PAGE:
Mass Spectrometry and Metabolomics Core Completes $2.2 Million Renovation
Michigan State University’s Research Technology Support Facility, or RTSF, consists of five analytical cores that offer researchers the tools they need to perform world-changing life science, from cryo-electron microscopy to advanced genome editing.
Recently, the Mass Spectrometry and Metabolomics Core located in the College of Natural Science’s Department of Biochemistry and Molecular Biology, or BMB, completed nearly $2.2 million in renovations, allowing the facility to tackle even more of chemistry’s toughest analytical questions.
For over 50 years, MSU’s mass spec facility has provided researchers with the cutting-edge instruments and technical expertise necessary to perform small molecule, macromolecule and metabolomic analyses. The latest improvements build upon the facility’s already storied presence as a one-of-a-kind campus resource — a meeting place of research and education that aims to keep pace with the oftentimes dizzying speed of scientific innovation.
“When we think of the revolution that’s occurred in analytical chemistry and mass spectrometry over the past several decades, you might compare it to the leap from Galileo first seeing the moons of Jupiter to what we're glimpsing through the JWST today," said Dan Jones, director of the mass spec facility since 2005. Jones, also a professor of biochemistry and molecular biology, was referencing NASA's newest space telescope mission that’s providing unprecedented views of the cosmos.
“Where once there was a crude way of identifying single chemicals, we can now look far deeper, identifying hundreds or thousands of different chemicals in a single sample.”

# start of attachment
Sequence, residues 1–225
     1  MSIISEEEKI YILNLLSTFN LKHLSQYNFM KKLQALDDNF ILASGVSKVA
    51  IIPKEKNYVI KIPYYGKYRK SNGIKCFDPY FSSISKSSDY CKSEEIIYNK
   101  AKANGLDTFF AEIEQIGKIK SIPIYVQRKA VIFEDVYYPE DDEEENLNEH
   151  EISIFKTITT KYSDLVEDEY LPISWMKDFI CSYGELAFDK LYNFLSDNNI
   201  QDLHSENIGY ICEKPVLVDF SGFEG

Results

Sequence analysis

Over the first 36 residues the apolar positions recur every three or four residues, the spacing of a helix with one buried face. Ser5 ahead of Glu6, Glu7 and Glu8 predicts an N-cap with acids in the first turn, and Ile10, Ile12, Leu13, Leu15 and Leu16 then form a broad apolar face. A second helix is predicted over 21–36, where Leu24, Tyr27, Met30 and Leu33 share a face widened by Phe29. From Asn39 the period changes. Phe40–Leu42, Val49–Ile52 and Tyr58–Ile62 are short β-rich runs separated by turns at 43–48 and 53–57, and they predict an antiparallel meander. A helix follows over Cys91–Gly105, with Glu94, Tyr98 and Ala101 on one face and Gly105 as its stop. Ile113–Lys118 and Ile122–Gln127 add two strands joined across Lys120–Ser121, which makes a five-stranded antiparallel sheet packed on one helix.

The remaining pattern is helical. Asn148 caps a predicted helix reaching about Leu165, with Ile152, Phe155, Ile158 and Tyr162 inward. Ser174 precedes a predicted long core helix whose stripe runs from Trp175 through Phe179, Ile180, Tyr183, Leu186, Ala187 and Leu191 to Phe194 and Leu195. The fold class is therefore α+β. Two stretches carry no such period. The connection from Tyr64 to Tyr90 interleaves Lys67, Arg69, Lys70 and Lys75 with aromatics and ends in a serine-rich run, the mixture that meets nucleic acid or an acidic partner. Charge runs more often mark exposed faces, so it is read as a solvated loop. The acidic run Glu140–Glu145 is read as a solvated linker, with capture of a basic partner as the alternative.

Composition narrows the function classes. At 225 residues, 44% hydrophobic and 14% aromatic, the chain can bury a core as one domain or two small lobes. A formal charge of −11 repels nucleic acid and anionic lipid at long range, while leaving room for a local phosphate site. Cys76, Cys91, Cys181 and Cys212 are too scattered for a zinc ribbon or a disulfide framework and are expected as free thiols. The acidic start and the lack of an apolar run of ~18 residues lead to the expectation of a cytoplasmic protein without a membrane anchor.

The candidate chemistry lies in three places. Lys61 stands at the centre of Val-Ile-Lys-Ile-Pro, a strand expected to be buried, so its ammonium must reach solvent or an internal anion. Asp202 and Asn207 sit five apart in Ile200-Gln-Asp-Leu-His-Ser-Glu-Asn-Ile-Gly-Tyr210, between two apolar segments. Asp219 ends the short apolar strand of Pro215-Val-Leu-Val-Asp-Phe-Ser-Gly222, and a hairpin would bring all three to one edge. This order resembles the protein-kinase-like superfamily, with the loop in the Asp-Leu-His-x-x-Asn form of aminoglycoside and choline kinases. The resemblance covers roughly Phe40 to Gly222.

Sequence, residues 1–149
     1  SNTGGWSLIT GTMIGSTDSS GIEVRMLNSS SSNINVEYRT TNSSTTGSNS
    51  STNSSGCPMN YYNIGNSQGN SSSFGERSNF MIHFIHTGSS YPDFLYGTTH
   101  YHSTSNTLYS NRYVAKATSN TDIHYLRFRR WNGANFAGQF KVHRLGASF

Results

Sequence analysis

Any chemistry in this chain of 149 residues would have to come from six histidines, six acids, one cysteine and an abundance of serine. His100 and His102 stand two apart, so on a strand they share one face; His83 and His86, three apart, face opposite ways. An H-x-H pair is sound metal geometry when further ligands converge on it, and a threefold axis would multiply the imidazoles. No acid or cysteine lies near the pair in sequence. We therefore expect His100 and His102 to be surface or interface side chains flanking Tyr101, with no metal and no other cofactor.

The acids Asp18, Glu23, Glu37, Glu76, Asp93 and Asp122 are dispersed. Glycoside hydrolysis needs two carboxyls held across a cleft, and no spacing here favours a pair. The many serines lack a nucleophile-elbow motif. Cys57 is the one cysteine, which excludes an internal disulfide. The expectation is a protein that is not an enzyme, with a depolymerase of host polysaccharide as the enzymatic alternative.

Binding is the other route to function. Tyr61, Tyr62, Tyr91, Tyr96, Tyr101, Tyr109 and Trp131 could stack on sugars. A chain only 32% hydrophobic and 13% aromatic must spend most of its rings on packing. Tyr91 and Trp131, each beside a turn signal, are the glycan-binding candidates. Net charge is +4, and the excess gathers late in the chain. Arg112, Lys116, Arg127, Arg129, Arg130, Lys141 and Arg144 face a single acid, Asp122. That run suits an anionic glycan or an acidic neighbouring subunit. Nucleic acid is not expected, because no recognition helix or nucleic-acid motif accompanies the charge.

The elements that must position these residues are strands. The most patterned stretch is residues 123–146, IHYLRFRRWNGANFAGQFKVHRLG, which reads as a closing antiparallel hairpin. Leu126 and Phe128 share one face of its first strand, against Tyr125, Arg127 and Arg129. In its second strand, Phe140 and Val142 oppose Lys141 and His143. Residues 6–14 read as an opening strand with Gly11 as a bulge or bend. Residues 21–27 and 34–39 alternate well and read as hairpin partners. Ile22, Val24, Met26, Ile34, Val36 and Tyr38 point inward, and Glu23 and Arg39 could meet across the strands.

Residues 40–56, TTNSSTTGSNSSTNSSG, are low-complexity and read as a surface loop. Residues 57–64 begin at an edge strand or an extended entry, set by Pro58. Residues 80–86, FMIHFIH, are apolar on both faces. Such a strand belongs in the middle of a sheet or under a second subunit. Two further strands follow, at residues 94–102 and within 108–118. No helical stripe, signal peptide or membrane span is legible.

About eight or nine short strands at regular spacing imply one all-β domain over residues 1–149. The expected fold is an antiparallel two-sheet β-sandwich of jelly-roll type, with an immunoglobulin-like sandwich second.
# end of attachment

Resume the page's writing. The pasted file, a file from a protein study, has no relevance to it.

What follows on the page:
The recent renovations represent a full overhaul of 3,400 square feet of laboratory, with an emphasis on improving day-to-day operations.
The renovation funding was provided by MSU’s Office of Research and Innovation. Doug Gage, vice president of the Office of Research and Innovation and a professor of biochemistry and molecular biology, was a previous mass spec facility director who oversaw its significant expansion in the late 1990s and early 2000s.
“This has been a total update both mechanically and structurally, so we can accommodate more and newer instruments,” said Anthony “Tony” Schilmiller, assistant director of the facility.
“Many of these updates are ones that visitors might not notice at first glance: nitrogen piping in the ceilings, better HVAC and just a totally improved and updated space.”
The completion of renovations also coincides with the arrival of new instruments allowing researchers to perform imaging using a technique known as MALDI-TOF MS, or matrix-assisted laser desorption/ionization-time of flight mass spectrometry.
“In these experiments, it’s possible to take a tissue section and actually generate mass spectra and positional information as to where metabolites are located,” Schilmiller added. “We think that medical labs will be incredibly interested in this.”